Thomas Leander Moorhouse (1850-1926)
Oregon photographer Thomas Leander Moorhouse of Pendleton, Oregon, was a multifaceted man. Born in 1850 in Marion County, Iowa, he moved with his family to Walla Walla, Washington, in 1861 in an ox-drawn wagon. He was a miner, surveyor, rancher, businessman, civic leader, Umatilla Indian agent, real-estate operator, insurance salesman, and assistant adjunct general of the Oregon State Militia, where he achieved the rank of major.
Like many Americans, Moorhouse took up photography in the 1880s after George Eastman made an easy-to-use film camera. Unlike most amateur photographers, however, he worked with glass-plate negatives, large cameras, and a tripod—the equipment of professional photographers. From 1888 to 1916, he produced over 10,000 images documenting Native American cultures and the urban and rural lives of his white contemporaries in eastern Oregon and Washington. So extensive and revealing are Moorhouse's images that his work constitutes one of the preeminent social history collections for life east of the Cascades during the late nineteenth and early twentieth centuries.
About one-third of Moorhouse's images are concerned with Native peoples, and they fall into two broad categories: studio portraits of tribal members, which he often made in the backyard of his home, and images of life on the Umatilla Reservation. During his lifetime, Moorhouse was most celebrated for his studio portraits. For example, his portrait of the Cayuse Twins, near Wallula Gap, reportedly sold over 150,000 copies.
Many recent scholars find Moorhouse's studio images unsatisfactory because they are stiffly posed and the photographer drew from his extensive collection of Native American artifacts to supply the clothing people wore and the implements they held. But Moorhouse also took pictures that documented the life experiences of Native peoples. Some of his photographs taken on the Umatilla Reservation, for example, are reliable sources of information on Native clothing and dwellings, and they capture some of the social and cultural transformations that people there were experiencing.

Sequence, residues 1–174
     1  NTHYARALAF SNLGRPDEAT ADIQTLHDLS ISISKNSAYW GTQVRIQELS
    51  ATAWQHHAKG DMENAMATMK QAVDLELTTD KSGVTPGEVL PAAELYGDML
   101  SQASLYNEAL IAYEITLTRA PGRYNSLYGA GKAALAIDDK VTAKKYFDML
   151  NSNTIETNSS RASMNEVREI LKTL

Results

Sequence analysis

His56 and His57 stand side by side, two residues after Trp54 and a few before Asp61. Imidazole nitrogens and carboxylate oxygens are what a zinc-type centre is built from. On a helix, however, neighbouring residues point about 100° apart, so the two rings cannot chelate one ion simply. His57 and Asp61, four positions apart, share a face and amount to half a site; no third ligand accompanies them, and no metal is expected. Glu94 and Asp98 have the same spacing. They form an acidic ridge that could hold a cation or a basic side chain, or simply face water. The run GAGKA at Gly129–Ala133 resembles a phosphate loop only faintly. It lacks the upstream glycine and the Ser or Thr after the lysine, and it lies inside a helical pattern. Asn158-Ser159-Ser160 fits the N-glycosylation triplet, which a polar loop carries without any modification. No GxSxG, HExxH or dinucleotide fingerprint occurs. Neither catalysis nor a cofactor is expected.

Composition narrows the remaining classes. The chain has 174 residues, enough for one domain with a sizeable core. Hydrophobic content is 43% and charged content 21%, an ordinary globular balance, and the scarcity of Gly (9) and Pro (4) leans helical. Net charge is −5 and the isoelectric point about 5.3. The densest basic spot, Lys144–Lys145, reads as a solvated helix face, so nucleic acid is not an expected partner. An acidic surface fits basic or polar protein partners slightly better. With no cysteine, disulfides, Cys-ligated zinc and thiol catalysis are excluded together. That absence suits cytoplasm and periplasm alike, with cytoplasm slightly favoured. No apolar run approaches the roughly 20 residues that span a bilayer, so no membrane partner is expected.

Other photographs that Moorhouse took on the reservation and certainly the studio portraits—much like those of his acquaintance Edward S. Curtis—propagated the view that Indians were a vanishing race. One of Moorhouse's goals was to preserve on film the last shimmerings of Indian traditions before they passed into oblivion. This notion, as many have pointed out, presents a selective image of Native American life, one that extols and idealizes the past but fails to deal with present experiences. Both the portraits and the images from the reservation have recently been recognized as valuable for eliciting memories among tribal elders. Anthropologist Deward E. Walker persuasively has made the point that such memories have helped reveal important events that normally escape the attention of academic historians.
By far the largest group of Moorhouse photographs shows scenes of daily life, both rural and urban, of his white contemporaries east of the Cascades. During his lifetime, the area around Pendleton was exploding economically and experiencing tremendous population gains. Moorhouse's photographs celebrate the prosperous development of the West and document ranchers and their homes along with itinerant laborers and their work in the fields. He produced thousands of images of small town and community life, including views of businesses, schools, churches, logging operations, and forms of transportation. Moorhouse was particularly interested in the social life and entertainments of his contemporaries, and he frequently photographed circuses, parades, and Wild West shows. He also made over 600 images of the Pendleton Round-Up from 1910 to 1919.
Throughout his life, Moorhouse was careful to describe himself as an amateur for whom collecting Native American artifacts and photographing the world around him was a hobby. A close look at the full body of his work, however, makes plain that he had a keen eye and an intense interest in his world and a deep interest in history and in creating a historical record.
A serious photographer, Moorhouse sent a message in every image. His photographs are poignant and revealing reports on an era, a region, and its peoples. Without his photographs, our understanding of this important period in Oregon history would be diminished.Written by:James Fox
Grafe, Steven L. Peoples of the Plateau: The Indian Photographs of Lee Moorhouse, 1898–1915. Norman: University of Oklahoma Press, 2005.
Sandweiss, Martha A. “Picturing Indians: Curtis in Context." In The Plains Indian Photographs of Edward S. Curtis. Lincoln: University of Nebraska Press, 2001.
Schmitt, Martin. “The Moorhouse Photographic Collection." The Call Number 15:1 (December 1953).
Walker, Deward E. “The Moorhouse Collection: A Window on Umatilla History." In The First Oregonians. Edited by Carolyn M. Buan and Richard Lewis. Portland: Oregon Council for the Humanities, 1991.